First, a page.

Thinking about becoming a truck driver

What's the Difference Between an Owner Operator & Company Truck Driver?

When it comes to working in intermodal drayage as a truck driver, there are two routes you can take with your career: work for a company or be an owner operator. Don’t know which path is right for you? Start by asking yourself these vital questions:

  • What is your current financial situation and what are your future financial goals?
  • Do you have family obligations that require time off?
  • Are you particular about the truck you drive?

The skill set required for both is virtually the same, but your job expectations can help determine the right fit. Take a look at some of the biggest differences between driving for a company or becoming an owner operator to get a better understanding of each job profile.

Company Driver Pros:

The truck belongs to the company, and once a job is finished, company drivers don’t have to spend out of pocket on oil changes, fixes or truck insurance. Driving for a company means you get to enjoy your leisure time with friends and family. Also, trucking jobs are in high demand in North America, so if you start with a company and find it isn’t a good match, just walk away and find something elsewhere without any strings attached.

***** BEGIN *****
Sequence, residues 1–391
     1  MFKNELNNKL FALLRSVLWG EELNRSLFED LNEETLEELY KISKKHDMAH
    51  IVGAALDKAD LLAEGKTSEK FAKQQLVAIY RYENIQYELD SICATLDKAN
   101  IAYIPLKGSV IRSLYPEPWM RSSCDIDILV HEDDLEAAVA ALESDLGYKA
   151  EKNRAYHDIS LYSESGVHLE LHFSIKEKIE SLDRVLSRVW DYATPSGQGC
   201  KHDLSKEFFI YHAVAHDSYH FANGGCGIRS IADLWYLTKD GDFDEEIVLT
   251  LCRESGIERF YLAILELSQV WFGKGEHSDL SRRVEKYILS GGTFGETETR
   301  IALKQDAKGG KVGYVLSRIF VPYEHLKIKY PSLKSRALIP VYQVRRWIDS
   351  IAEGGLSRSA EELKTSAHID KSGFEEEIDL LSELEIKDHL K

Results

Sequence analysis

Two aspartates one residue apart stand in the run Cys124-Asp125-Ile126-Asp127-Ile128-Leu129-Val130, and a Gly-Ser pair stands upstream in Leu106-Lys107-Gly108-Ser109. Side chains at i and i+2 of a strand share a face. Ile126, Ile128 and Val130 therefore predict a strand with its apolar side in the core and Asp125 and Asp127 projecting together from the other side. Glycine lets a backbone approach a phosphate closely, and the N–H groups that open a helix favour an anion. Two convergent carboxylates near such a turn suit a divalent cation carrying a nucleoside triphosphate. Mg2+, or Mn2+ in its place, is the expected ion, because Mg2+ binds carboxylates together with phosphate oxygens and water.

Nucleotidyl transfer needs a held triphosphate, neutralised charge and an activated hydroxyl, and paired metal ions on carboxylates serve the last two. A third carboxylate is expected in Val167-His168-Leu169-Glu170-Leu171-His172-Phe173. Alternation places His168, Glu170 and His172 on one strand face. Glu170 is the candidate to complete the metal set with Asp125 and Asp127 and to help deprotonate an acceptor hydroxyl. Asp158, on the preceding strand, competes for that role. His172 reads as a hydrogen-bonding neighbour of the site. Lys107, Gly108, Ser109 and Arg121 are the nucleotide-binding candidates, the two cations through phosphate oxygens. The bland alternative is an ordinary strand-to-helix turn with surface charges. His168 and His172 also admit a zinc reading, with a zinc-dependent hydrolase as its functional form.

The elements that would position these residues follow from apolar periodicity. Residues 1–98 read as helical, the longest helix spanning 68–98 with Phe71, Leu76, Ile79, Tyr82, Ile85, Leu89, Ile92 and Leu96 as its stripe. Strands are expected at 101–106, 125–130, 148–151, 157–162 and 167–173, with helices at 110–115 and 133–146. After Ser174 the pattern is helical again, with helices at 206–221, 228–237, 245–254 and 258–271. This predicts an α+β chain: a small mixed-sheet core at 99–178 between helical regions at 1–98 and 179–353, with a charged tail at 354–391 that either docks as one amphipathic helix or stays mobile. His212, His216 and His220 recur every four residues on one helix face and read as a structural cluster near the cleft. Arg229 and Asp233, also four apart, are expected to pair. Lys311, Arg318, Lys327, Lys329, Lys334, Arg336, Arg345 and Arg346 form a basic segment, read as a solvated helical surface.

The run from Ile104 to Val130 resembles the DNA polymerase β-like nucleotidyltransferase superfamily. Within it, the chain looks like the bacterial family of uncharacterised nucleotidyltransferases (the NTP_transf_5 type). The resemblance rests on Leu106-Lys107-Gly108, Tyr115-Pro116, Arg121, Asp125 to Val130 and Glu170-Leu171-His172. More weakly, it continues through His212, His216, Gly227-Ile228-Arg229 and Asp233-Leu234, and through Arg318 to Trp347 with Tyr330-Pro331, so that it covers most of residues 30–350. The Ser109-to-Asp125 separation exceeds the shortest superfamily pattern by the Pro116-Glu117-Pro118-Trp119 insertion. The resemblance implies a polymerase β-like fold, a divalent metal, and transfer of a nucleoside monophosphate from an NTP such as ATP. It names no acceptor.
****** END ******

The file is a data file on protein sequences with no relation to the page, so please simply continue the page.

Owner Operator Pros:

It’s YOUR truck and YOUR equipment, so you can personalize as you please! Owner operators may have more responsibility running their own business, balancing finances and maintaining their rig, but the potential to make more money with tax advantages and lower rates is greater than that of a company driver. Being your own boss also means time off is a personal decision, with no confirmation needed from a company.

Company Driver Cons:

You don’t own the truck, so you have to drive whatever rig you’re given and comfort might be sacrificed. When it comes to salary and maintenance, you won’t have to juggle those responsibilities as much as an owner operator, but that could potentially mean less pay (depending on your situation of course, as well as the company you drive for). Sure, you’ll get time off, but be aware that trucking companies want to get the most out of their drivers, meaning long hours on the road and less time off.

Owner Operator Cons:

Since owner operators are responsible for the maintenance and fueling of their trucks, the financial pressure can be greater. Ideally, you would need to put a down payment on a truck and have extra funds for equipment costs month to month. True, you can take time off when you want, but know that a lot of free time will be spent on maintaining your truck and keeping financial business in order. Be adamant in your research on prospective companies to work with for adequate pay and consistency. It’s not easy to leave one driver job for another when you’re bound to a contract with a hold back on money!

Courtney L.
January 30, 2017
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Agents

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Owner Operators

If you're looking for a career with solid benefits, excellent growth potential, and the freedom to work how and when you want, look no further. US 1 Network is looking for experienced owner operators to join our team of shipping experts. The logistics industry is growing rapidly, so apply today and join a winning team!

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